> Exploitation, p. 214-5; the most sophisticated recent analysis of this
> process that I know is section 6 of G Reuten's 1991 Cambridge Journal of
> Economics Piece on "the conditions of existence of the contradiction of the
> TRPF: stratification and devalorization.)
>  What I hope the more advanced theorists on this line will develop is the
> dialectical, not cyclical nature, of such a violent and forcible resolution
> to capitalist contradictions.  A dialectical, not cyclical, understanding
> of this resolution would be in line with Sudeep's rejection of the logic of
> capital as a smooth, linear, non-discontinuous one. (All this of course
> assumes a successful critique of the Althusserian rejection of any logic or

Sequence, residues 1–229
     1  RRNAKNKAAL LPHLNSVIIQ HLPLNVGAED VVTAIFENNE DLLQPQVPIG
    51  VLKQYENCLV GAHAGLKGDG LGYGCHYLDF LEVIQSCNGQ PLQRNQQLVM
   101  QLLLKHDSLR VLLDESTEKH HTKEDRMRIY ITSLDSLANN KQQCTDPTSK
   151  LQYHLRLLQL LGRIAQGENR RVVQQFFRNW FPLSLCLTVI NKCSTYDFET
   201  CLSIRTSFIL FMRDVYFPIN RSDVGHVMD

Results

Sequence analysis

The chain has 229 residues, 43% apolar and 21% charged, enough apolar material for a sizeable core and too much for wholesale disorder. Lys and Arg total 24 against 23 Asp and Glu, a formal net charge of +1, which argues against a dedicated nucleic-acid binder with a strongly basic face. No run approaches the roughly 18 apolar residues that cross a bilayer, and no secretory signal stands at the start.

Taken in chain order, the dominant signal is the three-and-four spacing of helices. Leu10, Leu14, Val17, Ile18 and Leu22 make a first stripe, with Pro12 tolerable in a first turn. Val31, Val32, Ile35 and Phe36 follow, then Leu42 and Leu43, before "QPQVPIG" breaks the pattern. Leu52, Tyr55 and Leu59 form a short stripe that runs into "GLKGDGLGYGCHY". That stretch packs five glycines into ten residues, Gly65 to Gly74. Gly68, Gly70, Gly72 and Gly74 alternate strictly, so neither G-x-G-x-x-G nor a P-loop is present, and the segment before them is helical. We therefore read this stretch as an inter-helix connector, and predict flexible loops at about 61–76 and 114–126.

> essence of capital,but I think this has been accomplished by Postone and
> Julius Sensat, Jr in "Methodological Individualism and Marxism" Economics
> and Philosophy 4 1988).
> That is, this process does not simply repeat itself like a Nietzschean
> eternal recurrence of being: the conditions and requirements for such
- resolution change as capital accumulates.   Weeks concludes the previously
> cited work with such a consideration.  Does anyone have any thoughts about
> this?
> ps through private correspondence I have been informed that there is a
> forthcoming volume Marx and Non-equilibrium Economics, ed. A Freeman and G
> Carchedi, Edward Elgar.  In this context, Andrew Kliman's "A
> Value-Theoretic critique of the Okishio Theorm" is quite helpful, while I
> think providing a bridge between Mattick's critique of economics and
> Postone's phenomologically richer social theory.